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Introduction to Historiography

Image of a painting of a young lady holding a large book.

This seminar is designed to introduce history majors and medials to the idea of historiography, taken as both the writing of history and the study and analysis of that writing. Topics will include the following:

  1. The different meanings of the term historiography
  2. The history of the practices of researching and writing history both in the Western world and globally
  3. Seminal ideas about historical processes
  4. How present-day issues and concerns can influence the writing of history
  5. The work of select prominent historians from antiquity to the twentieth century
  6. Key concepts in historical thought
  7. Historical errors and fallacies
  8. The use of counterfactual thinking
  9. The ethics of historical practice
  10. How historical works come into existence
  11. The process of peer review
  12. Alternative approaches to the past

The course will include what may be described as practical elements (including visits to the university archives and special collections), and discussions of how and why the historical “discipline” or profession is organized institutionally in the ways that it is. Students will learn how to develop a bibliography, search for sources, evaluate and criticize a historical article, differentiate among historical arguments and positions, summarize historical arguments concisely, and conduct a formal presentation in front of their peers. A great deal of emphasis will be placed on clear writing and on in-class engagement with assigned readings. To that end, the course requires multiple shorter assignments of graduated length, rather than the conventional full-length research paper you might expect in other courses.  Attendance at and participation in seminars is essential.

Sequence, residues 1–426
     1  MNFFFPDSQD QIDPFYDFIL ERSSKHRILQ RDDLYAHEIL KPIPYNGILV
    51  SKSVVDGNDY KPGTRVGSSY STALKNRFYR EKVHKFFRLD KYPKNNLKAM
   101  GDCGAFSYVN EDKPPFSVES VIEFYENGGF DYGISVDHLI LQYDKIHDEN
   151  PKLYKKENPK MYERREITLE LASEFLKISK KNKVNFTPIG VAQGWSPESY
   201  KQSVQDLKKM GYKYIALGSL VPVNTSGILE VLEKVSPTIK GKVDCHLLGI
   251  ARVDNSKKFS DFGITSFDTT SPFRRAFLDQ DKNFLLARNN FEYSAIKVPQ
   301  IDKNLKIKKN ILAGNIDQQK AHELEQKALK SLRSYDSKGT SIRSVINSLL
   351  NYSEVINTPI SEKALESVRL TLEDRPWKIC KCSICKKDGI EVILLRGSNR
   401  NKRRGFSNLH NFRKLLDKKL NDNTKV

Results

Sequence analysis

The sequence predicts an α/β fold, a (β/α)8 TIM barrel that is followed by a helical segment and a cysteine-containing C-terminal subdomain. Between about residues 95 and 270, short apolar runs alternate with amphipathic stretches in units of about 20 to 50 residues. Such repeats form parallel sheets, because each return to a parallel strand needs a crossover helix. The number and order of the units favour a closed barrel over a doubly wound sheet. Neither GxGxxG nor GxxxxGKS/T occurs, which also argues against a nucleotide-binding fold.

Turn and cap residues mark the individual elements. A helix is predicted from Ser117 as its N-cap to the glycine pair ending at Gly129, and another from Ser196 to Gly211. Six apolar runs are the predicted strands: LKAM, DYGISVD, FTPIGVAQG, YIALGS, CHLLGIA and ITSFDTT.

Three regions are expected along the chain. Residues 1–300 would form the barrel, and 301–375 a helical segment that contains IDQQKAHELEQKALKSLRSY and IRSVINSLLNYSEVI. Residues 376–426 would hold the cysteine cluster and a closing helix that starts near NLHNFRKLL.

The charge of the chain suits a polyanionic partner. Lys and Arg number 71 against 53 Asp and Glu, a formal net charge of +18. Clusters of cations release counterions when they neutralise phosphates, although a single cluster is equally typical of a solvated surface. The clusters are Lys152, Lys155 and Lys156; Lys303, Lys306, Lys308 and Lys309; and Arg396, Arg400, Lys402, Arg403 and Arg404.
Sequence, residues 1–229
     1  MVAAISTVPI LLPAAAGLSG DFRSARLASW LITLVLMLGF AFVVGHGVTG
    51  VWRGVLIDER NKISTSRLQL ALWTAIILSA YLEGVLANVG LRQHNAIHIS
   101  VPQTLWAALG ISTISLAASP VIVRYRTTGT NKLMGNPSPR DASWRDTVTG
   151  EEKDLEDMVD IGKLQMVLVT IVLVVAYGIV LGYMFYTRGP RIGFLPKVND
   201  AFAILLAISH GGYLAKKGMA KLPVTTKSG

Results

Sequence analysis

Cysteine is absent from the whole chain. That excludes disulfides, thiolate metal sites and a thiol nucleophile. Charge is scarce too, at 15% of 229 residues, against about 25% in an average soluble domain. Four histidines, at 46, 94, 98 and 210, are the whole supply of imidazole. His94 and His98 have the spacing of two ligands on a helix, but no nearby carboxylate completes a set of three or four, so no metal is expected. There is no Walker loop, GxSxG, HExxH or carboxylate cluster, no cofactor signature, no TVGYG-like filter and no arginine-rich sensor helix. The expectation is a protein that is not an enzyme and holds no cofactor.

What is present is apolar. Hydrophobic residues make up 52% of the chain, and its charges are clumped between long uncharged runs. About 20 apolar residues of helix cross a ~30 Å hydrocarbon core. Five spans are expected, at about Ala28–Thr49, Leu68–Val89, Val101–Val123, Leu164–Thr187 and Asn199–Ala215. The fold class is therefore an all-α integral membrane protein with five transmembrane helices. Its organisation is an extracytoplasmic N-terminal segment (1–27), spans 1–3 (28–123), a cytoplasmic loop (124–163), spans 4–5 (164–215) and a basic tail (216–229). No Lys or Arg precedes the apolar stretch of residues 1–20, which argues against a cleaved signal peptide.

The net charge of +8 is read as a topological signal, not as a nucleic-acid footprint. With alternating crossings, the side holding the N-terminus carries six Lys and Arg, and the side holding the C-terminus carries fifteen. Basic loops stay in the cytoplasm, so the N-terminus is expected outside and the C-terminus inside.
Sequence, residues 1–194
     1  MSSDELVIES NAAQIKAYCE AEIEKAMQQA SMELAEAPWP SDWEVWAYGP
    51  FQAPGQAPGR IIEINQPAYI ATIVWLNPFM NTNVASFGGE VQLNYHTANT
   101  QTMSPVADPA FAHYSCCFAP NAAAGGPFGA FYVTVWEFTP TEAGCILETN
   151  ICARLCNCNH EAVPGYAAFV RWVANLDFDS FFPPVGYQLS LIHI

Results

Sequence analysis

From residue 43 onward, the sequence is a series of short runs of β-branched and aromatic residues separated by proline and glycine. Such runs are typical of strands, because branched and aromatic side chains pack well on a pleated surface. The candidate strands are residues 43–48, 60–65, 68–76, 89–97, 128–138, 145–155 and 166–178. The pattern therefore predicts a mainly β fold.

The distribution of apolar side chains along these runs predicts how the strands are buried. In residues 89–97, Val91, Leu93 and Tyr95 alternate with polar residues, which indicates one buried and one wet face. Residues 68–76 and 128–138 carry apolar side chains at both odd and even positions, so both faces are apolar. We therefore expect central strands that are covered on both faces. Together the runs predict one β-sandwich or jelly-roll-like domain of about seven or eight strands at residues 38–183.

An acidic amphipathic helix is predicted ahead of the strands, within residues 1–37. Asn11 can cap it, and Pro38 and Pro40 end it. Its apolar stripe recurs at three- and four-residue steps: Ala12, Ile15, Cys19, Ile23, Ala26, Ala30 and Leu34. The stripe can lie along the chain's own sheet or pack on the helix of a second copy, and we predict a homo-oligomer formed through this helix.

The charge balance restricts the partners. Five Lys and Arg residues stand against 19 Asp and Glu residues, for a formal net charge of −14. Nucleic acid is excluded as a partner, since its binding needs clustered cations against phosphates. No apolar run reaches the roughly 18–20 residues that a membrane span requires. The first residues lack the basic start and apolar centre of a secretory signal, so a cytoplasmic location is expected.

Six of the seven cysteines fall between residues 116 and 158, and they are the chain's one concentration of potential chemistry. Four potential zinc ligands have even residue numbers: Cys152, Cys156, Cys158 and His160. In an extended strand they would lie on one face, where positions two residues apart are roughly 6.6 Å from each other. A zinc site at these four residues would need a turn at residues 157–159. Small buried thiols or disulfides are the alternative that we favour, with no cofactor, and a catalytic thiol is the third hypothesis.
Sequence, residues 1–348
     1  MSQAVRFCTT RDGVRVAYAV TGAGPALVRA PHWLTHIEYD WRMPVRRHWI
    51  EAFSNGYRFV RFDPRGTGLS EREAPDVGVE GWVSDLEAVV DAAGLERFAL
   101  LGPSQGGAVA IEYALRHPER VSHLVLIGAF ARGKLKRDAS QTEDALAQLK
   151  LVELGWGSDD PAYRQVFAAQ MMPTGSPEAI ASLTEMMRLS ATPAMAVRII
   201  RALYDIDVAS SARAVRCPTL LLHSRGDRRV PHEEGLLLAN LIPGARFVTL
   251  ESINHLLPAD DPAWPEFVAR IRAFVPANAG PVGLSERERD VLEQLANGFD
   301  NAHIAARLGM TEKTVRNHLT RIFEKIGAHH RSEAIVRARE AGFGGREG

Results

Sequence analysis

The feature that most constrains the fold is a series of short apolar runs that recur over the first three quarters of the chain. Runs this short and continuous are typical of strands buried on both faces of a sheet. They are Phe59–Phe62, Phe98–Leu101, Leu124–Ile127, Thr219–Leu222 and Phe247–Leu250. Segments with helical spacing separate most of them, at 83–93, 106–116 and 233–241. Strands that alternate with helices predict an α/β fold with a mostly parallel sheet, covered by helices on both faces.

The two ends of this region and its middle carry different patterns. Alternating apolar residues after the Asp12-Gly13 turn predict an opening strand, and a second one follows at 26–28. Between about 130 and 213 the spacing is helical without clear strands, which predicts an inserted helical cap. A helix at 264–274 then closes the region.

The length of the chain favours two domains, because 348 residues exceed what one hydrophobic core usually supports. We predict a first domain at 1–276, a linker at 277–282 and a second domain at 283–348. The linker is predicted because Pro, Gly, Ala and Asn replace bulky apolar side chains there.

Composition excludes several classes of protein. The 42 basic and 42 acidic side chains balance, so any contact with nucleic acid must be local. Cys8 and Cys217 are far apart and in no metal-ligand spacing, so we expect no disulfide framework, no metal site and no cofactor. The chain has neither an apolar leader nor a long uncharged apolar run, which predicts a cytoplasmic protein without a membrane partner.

Tentative Evaluations

Please Note: All components of the course must be completed in order to pass the course, including class participation.


  • General Participation

Fall Term

  • 800-word profile of a pre-1900 historian
  • Group presentation on your historian
  • Midterm test on Module 1
  • 800-word article review

Winter Term:

  • Paper proposal and partial bibliography
  • Oral presentation and defense of draft research paper
  • 6-page paper on a topic from Modules 1, 2, or 3
  • Final exam

Department of History, Queen's University

49 Bader Lane, Watson Hall 212
Kingston ON K7L 3N6




Queen's University is situated on traditional Haudenosaunee and Anishinaabe territory.